I am gonna do it a bit later, a bit busy, but have you tried 3rd derivative getting it to be 0 then testing against second derivative and subbing in the original function?
If the polynomial x^3+3ax^2+3bx+c=0 has a double root, show that the double root is (c-ab)/(2(a^2-b)) , given that a^2 doesnt equal to b
Please help Im struggling with this question
I am gonna do it a bit later, a bit busy, but have you tried 3rd derivative getting it to be 0 then testing against second derivative and subbing in the original function?
But since the root has a multiplicity of 2 can it be found in the third derivative?
I read third for some reason im blind
yeah okay can you do it now?
can't do the question right now but i assume that this is how you do it:
since x^3 + 3ax^2 + 3bx + c = 0 has a double root then this means that p(x) = x^3 + 3ax^2 + 3bx + c has a double zero. let this double zero be y. then p(y) = 0 and p'(y) = 0. this means that y^3 + 3ay^2 + 3by + c = 0 and 3y^2 + 6ay + 3b = 0 -> y^2 + 2ay + b = 0. now we solve this last equation for the double root, y. u will get 2 solutions (since quadratic), then sub each presumed double root into the original equation (p(y)). whichever results in p(y) = 0 is the double root. good luck!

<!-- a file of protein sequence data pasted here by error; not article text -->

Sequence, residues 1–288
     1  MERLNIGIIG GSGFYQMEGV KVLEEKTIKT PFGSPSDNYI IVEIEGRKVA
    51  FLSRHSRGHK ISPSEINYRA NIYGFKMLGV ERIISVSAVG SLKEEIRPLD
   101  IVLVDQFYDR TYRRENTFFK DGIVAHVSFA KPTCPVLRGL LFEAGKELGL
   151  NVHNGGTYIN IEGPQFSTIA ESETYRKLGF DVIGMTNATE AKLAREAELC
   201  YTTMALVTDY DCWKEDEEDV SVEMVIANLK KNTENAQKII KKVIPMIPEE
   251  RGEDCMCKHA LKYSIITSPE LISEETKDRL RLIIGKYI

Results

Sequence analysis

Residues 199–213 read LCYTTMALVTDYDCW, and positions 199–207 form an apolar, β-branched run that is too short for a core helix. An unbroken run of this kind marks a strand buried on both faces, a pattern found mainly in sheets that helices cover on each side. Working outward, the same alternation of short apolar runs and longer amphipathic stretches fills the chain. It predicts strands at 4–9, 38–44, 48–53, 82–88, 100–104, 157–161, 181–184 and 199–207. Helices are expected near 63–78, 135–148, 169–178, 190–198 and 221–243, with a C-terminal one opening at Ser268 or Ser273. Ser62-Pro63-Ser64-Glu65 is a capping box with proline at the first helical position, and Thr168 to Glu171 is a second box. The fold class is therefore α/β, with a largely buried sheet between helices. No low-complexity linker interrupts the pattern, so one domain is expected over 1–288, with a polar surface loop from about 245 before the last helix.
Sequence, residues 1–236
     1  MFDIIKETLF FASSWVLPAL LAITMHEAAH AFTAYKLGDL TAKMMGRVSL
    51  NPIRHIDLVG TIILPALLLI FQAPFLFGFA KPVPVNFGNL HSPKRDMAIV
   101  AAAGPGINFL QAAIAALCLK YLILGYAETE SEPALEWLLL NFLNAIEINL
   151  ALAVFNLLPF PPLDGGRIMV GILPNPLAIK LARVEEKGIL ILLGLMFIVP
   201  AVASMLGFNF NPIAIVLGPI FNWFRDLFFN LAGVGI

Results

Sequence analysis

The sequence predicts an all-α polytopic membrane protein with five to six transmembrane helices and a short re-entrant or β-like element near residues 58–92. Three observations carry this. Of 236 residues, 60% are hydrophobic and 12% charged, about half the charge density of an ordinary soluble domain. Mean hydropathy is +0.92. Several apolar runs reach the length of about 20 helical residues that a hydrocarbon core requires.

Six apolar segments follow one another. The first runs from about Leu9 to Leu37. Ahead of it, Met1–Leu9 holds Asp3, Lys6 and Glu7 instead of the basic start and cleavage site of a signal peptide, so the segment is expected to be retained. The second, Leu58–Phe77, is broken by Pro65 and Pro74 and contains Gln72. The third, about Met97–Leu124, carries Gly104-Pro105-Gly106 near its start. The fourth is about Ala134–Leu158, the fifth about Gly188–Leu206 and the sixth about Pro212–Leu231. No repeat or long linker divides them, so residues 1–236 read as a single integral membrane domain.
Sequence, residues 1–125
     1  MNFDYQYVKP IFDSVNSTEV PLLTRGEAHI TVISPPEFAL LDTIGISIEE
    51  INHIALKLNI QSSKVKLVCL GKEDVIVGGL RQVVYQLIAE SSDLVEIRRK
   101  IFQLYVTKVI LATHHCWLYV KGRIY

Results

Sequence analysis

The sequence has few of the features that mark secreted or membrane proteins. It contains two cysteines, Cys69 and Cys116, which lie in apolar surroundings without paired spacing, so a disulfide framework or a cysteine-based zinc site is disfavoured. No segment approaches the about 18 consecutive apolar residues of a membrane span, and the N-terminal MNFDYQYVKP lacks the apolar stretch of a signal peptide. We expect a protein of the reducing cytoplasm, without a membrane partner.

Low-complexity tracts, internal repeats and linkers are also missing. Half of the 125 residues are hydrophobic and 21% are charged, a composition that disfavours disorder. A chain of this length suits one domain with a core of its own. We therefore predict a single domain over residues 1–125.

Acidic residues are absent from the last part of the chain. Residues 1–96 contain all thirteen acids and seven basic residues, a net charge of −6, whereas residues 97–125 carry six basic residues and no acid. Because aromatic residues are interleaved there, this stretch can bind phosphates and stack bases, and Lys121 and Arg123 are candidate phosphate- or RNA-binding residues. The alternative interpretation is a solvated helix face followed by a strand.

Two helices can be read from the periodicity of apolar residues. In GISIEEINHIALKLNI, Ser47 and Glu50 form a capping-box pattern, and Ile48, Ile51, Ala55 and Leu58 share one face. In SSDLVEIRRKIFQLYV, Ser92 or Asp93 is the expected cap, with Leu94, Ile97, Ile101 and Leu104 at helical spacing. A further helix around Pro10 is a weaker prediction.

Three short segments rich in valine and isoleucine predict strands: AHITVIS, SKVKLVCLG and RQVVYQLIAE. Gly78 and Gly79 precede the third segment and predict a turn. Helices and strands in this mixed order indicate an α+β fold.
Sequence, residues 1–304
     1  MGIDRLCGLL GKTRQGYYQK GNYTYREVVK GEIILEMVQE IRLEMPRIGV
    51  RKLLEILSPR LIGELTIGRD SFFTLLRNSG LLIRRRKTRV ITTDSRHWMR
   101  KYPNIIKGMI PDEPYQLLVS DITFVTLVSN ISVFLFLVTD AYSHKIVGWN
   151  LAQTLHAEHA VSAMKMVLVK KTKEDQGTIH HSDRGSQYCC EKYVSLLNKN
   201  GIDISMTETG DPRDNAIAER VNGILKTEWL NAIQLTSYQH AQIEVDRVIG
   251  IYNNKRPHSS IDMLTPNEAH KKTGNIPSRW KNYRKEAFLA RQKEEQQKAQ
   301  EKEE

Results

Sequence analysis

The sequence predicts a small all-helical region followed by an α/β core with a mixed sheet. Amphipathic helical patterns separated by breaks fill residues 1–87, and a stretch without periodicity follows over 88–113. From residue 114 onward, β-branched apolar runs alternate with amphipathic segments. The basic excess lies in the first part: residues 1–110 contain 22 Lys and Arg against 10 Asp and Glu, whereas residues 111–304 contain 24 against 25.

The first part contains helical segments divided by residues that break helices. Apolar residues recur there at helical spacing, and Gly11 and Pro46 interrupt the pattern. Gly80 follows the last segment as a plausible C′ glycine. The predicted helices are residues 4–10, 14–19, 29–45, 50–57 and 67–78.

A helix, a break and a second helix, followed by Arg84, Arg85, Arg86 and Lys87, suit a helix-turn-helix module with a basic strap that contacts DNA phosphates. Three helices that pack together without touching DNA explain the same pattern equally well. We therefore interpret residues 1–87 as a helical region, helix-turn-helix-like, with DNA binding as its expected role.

HSC 2017
Chemistry 89 - Physics 91 - English (Standard) 87 - Maths Ext 1 99 - Maths Ext 2 98
98.7
Notice that the required answer includes the constant term . That should be a hint - if we were to differentiate the polynomial, we would lose , so not only would we have to expand the cube of a binomial (which can be really messy), we would also have to rewrite the result to include in order to find the double root, so let's try a different approach.
Let and let the roots be .
By the relationships between the roots and co-efficients,
Rearranging,
Now:
Therefore,
Last edited by fan96; 11 Oct 2018 at 10:25 PM.
While the method above is indeed valid, one could also solve the problem using calculus:
Let P(x)=x^{3}+3ax^{2}+3bx+c.
Then P'(x)=3x^{2}+6ax+3b.
For there to be a double root, there must exist some x such that P(x)=0 and P'(x)=0.
P'(x)=0 iff 3x^{2}+6ax+3b=0, i.e. x^{2}+2ax+b=0.
Now, P(x)=0 for the same value of x,
so x^{3}+3ax^{2}+3bx+c=0,
i.e. x(x^{2}+2ax+b)+ax^{2}+2bx+c=0.
x(x^{2}+2ax+b)+a(x^{2}+2ax+b)-2a^{2}x-ab+2bx+c=0.
But x^{2}+2ax+b=0 (proven above),
so -2a^{2}x-ab+2bx+c=0,
i.e. x(2b-2a^{2})+c-ab=0.
⇒x=(c-ab)/(2(a^{2}-b)) as a^{2}-b≠0.
Hence, the double root must be equal to (c-ab)/(2(a^{2}-b)) as required.
Last edited by BChen65536; 11 Oct 2018 at 10:47 PM.
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